Disney faces antitrust lawsuit over broadcast TV prices – The Hollywood Reporter

An antitrust lawsuit has been filed against The Walt Disney Company in a case targeting the entertainment monolith’s dual role as a content supplier and distributor in business deals.

Disney operates Hulu, the nation’s second-largest live streaming pay-TV provider, and also controls ESPN. The proposed class action accuses Disney of operating the businesses as a single entity and claims that the arrangement allows the company to enter into anti-competitive agreements with competitors that raise the price of live television broadcast over the Internet.

The lawsuit pits YouTube TV subscribers against Disney, who filed a lawsuit in California federal court on Friday. They point to business deals that allow a company to “set the price floor” for the market and raise prices across the industry by raising the prices of its offerings.

“After Disney acquired operating control of Hulu in May 2019, prices around the world [streaming live pay television] The market, including YouTube TV, has doubled,” the complaint says. “This dramatic, market-wide price inflation was driven by Disney’s own price increases for Hulu + Live TV.”

The suit points to rules in Disney’s contracts with its live pay-TV rivals that require them to carry ESPN as part of the cheapest package they offer. The term effectively limits Disney’s competitors’ ability to provide an option that leaves Disney-owned cable’s most expensive channel, ESPN.

Without this requirement, Disney would not be able to prevent competitors from selling “skinny” packages that offer subscribers limited live TV channels, according to the complaint.

Cable TV providers have long criticized Disney’s affiliate fees to air ESPN and its sister networks as part of a cable package. Such fees are widely acknowledged to be the main reason behind the rise in basic cable prices over the past decade. In 2015, ESPN’s affiliate fee was more than four times the broadcast fee of TNT, which has the second highest fee after ESPN.

ESPN’s leverage has been weakened by cable-cutting and viewers shifting away from cable TV. This was largely due to consumers having to pay for channels they didn’t watch or wanted. They flocked to lower cost or free alternatives.

The first significant surge came from traditional cable and satellite television providers, which controlled Internet providers. For example, in 2015, Verizon began offering “skinny” packages, taking advantage of an ambiguity in contracts that did not explicitly cover ESPN’s Internet distribution. Ending Disney’s longstanding mandates on pay-TV packages. Disney sued Verizon, claiming that its downgrading of ESPN as an add-on was a breach of its carriage agreement. Verizon finally relented.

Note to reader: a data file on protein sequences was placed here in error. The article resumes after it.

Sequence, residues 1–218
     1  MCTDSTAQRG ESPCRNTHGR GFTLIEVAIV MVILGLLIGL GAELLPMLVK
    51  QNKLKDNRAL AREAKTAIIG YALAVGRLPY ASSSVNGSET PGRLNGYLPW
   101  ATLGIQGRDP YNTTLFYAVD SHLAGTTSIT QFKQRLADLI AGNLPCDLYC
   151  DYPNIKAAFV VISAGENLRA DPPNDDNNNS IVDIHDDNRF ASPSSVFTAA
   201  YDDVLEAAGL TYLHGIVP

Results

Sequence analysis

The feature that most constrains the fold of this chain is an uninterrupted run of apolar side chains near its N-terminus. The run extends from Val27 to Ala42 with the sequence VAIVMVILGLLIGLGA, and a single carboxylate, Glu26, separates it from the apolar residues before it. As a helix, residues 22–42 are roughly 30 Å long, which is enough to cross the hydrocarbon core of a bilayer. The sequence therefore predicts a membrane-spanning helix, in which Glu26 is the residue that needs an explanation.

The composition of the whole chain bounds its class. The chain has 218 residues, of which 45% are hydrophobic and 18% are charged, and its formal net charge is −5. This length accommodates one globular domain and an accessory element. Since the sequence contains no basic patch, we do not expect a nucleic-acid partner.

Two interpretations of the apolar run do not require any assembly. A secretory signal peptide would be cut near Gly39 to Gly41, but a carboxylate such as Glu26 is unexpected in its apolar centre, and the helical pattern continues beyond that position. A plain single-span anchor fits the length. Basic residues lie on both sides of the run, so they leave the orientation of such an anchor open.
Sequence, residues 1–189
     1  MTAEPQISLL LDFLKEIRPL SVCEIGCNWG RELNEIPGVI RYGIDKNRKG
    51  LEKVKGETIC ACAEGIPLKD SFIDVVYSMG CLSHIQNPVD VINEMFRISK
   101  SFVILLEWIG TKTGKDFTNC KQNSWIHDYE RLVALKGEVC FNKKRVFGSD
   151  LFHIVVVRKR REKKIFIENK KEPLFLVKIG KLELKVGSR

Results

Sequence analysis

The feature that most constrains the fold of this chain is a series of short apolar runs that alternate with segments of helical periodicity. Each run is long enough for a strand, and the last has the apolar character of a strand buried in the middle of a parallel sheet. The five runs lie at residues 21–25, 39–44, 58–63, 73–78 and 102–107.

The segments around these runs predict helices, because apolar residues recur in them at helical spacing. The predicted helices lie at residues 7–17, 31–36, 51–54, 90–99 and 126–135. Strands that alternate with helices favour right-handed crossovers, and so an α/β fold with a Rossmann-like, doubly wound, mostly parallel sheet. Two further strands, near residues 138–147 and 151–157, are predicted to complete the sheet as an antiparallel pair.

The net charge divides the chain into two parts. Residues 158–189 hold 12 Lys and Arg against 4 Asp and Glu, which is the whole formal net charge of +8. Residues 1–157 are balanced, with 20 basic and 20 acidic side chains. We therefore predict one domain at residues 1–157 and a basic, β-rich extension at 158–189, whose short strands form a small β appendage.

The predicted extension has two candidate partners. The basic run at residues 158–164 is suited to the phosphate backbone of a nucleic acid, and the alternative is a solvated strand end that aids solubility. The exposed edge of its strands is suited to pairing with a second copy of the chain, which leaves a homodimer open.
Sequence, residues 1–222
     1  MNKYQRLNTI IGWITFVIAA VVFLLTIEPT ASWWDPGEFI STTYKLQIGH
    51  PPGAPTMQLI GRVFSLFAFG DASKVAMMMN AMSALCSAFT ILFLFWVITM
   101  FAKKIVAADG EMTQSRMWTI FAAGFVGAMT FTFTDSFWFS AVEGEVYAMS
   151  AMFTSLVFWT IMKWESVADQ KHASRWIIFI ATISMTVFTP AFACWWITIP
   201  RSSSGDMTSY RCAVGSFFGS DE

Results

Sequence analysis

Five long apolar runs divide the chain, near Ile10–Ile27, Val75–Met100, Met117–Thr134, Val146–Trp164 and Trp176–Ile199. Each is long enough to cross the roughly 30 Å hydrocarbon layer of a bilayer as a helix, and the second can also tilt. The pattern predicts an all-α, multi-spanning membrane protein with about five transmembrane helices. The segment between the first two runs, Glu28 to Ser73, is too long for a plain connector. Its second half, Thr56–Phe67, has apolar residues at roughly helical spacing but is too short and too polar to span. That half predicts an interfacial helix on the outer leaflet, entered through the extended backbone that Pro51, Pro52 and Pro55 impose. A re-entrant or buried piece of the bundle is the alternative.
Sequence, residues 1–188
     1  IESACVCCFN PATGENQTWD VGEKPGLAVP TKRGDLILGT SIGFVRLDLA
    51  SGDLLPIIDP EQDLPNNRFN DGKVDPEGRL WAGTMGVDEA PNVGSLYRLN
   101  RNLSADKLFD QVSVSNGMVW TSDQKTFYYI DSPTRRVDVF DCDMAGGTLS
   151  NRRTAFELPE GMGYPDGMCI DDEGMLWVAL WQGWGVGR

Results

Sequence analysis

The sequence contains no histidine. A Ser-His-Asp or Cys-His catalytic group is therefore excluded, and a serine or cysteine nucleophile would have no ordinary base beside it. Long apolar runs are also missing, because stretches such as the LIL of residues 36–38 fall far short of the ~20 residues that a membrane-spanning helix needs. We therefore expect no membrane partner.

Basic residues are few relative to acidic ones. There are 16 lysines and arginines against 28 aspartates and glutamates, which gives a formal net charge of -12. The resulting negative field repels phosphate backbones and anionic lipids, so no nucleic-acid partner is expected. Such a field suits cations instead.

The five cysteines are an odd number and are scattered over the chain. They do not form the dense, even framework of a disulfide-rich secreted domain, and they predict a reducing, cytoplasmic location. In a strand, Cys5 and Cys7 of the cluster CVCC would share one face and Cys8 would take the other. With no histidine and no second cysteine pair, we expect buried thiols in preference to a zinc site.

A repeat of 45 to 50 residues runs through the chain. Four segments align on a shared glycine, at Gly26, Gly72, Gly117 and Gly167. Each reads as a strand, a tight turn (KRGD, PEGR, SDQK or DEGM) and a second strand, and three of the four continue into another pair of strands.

The lawsuit also seeks to require ESPN to contractually include ESPN as part of any basic cable package and to enforce so-called “most-favored-nation” provisions of ESPN affiliate fees negotiated with any competitor as part of those agreements. an industry-wide price floor. That means if Disney raises the price for Hulu with Live TV, which it’s working on, its competitors must too.

YouTube TV subscribers say Google’s deals with Disney have resulted in the basic package increasing from $35 to $65 a month. In 2021, YouTube TV said it could offer the basic plan without ESPN for $15 less than it was charging during the dispute with Disney over the content deal.

The lawsuit was filed days before Bob Iger returned to Disney to lead the company. Iger, who succeeded Michael Eisner as CEO in 2005, has led Disney through a period of massive growth, pursuing mergers that have enhanced its reputation as a global content powerhouse. It bought Pixar for $7.4 billion in 2006, Marvel for $4 billion in 2009, Lucasfilm for $4 billion in 2012 and 2019 in a deal that included 20th Century Fox studio, Fox Searchlight and FX Networks. bought Fox for $71.3 billion.

Today, some acquisitions will be challenged by competition watchdogs focused on consolidation in the media industry.

The complaint, which seeks to represent nearly five million YouTube TV subscribers who say they pay exorbitant subscription fees, alleges violations of the Sherman Act.

Disney did not immediately respond to requests for comment.

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